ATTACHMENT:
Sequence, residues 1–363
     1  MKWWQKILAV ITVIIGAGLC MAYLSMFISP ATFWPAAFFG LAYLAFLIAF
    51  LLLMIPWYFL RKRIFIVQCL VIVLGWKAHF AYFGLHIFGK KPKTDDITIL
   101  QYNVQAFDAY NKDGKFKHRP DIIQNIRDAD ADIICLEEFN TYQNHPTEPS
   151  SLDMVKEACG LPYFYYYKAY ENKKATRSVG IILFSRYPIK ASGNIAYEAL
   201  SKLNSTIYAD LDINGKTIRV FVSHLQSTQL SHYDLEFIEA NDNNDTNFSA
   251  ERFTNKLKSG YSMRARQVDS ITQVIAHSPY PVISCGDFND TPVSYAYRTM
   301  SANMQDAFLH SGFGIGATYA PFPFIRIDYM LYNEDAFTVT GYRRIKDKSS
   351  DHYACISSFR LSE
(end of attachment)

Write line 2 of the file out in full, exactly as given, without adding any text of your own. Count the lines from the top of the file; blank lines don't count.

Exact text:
     1  MKWWQKILAV ITVIIGAGLC MAYLSMFISP ATFWPAAFFG LAYLAFLIAF